Directed By: William Lustig
Starring: Tom Atkins, Bruce Campbell, Laurene Landon
Tag line: "Sometimes help can be dangerous"
Trivia: Boxer Jake LaMotta makes a brief cameo in the movie, playing a police detective
Night time in the city. While on her way home from work, Cassie (Jill Gatsby), a waitress, is attacked by two muggers. During the scrum, she somehow manages to break free, and makes a run for it. With her assailants closing in on her, Cassie spots a policeman in the shadows of a small neighborhood park and rushes towards him. But by the look on her face, we know this is no ordinary cop, and before Cassie can react the officer has his hands around her throat…
This is the opening scene of director William Lustig’s Maniac Cop, a 1988 horror / slasher film that, among other things, explores what might happen when honest, law-abiding citizens can no longer rely on the police to protect them.
The two muggers are eventually arrested for Cassie’s murder, but swear that she was killed by a cop. With bruises on the victim’s neck that suggest she was strangled by a much larger person than either of the suspects, Detective Frank McCrae (Tom Atkins) finds himself wondering if someone on the force is, in fact, a homicidal maniac. Commissioner Pike (Richard Roundtree) tells McCrae to keep his suspicions to himself; if the public believes that a maniac cop is roaming the streets, it could lead to chaos. But when more people turn up dead, and several witnesses claim to have spotted a tall policeman leaving the scene of the crimes, McCrae feels he has no alternative but to leak the story to the press.
A few days after the public is informed, Ellen Forrest (Victoria Caitlin) starts to suspect that her husband, Jack (Bruce Campbell), a patrolman who works mainly at night, may be the killer. To learn the truth, she follows him one evening, only to find that he’s actually having an affair with Theresa Mallory (Laurene Landon), a fellow officer. Embarrassed and heartbroken, Ellen heads for home and, on the way, is attacked by the real killer, who, sometime later, dumps her lifeless body in the very motel room that Jack and Theresa had occupied.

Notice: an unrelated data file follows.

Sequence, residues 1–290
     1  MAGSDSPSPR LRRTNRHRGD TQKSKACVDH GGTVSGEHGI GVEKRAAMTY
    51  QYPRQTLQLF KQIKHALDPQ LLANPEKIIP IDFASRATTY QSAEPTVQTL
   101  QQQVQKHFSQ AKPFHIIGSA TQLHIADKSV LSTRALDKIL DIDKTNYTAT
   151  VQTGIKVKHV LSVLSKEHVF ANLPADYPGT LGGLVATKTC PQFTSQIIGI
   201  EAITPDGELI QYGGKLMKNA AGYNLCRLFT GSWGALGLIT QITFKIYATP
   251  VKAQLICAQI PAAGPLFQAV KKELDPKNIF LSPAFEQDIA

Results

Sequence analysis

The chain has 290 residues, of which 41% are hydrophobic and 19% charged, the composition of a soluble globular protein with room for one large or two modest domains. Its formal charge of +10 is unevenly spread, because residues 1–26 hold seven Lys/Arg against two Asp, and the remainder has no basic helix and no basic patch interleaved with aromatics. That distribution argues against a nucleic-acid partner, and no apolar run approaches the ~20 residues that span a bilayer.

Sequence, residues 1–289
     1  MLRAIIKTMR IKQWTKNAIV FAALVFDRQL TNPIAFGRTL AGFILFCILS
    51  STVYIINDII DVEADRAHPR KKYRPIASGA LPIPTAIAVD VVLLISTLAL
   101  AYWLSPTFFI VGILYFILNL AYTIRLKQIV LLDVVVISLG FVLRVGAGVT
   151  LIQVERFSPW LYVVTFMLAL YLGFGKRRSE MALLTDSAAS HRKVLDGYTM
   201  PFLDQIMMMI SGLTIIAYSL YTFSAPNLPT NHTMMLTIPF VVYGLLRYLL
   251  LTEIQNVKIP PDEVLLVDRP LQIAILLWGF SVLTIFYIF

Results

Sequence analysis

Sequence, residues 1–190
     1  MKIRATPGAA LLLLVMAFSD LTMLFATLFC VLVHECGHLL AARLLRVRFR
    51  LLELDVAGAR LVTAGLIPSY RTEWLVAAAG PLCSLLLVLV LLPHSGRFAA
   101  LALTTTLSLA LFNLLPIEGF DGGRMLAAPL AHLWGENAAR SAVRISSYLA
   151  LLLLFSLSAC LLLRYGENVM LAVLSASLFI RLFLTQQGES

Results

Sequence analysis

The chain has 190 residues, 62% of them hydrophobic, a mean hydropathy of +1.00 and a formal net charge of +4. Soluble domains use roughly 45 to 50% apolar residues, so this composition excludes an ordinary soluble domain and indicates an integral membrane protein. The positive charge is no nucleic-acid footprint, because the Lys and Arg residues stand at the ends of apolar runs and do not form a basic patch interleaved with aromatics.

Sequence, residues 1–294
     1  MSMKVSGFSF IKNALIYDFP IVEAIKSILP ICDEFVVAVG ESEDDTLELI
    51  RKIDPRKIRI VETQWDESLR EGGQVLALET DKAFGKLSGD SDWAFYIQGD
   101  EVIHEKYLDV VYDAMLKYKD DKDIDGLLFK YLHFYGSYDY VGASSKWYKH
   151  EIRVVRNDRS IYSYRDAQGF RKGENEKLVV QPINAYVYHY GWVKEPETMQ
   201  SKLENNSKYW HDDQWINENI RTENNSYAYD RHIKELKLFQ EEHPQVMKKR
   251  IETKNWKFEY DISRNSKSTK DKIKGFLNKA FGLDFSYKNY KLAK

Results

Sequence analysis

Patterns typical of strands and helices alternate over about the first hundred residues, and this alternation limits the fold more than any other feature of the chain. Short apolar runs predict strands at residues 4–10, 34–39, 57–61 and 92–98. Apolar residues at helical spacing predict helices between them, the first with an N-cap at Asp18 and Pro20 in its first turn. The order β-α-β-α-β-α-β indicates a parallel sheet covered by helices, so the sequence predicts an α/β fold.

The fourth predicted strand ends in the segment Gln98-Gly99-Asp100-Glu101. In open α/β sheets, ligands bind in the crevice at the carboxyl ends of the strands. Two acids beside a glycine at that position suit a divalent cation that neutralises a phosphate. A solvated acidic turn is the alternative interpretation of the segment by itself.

The next morning, Jack (who, due to his illicit affair, refuses to give a solid alibi) is taken into custody and charged with his wife’s murder. What’s more, his superior, Captain Ripley (William Smith), thinks that Jack is also the killer they’re searching for. Still not convinced they have the right man, McCrae continues to dig deeper, and during his investigation makes a discovery so amazing that he himself can hardly believe it.
Above all else, Maniac Cop is a damn good slasher film. The title character, played by Robert Z’Dar, in an imposing figure with some very lethal weapons at his disposal (including a knife hidden inside his night stick), and most of the kill scenes are appropriately bloody. Not even learning a little about his background (i.e. - his name and what made him snap) can reduce his effectiveness; from start to finish, the maniac cop is a brutal, savage killer.
But Maniac Cop is also an intriguing mystery (McCrae’s investigation leads him in several different directions, and I liked how the movie took its time piecing the clues together) as well as an engaging character study (the killer’s backstory is as disturbing as it is tragic). Most interesting of all, though, is how the film provides a glimpse of a society that has lost faith in its police force; in one unfortunate scene (which takes place shortly after the press got hold of the story), a young cop stops to assist a woman whose car has broken down, only to be shot dead by the nervous motorist when she mistakes him for the killer. While I initially agreed with McCrae that the public had a right to know what was going on, this scene proved that Commissioner Pike’s fears weren’t as unfounded as I originally thought.
With great performances by veterans Atkins and Campbell (not to mention a cameo by Sam Raimi, as a reporter covering the St. Patrick’s Day parade) and a few surprising twists along the way, Maniac Cop is an excellent horror movie that offers viewers a bit more than the average ‘80s slasher flick.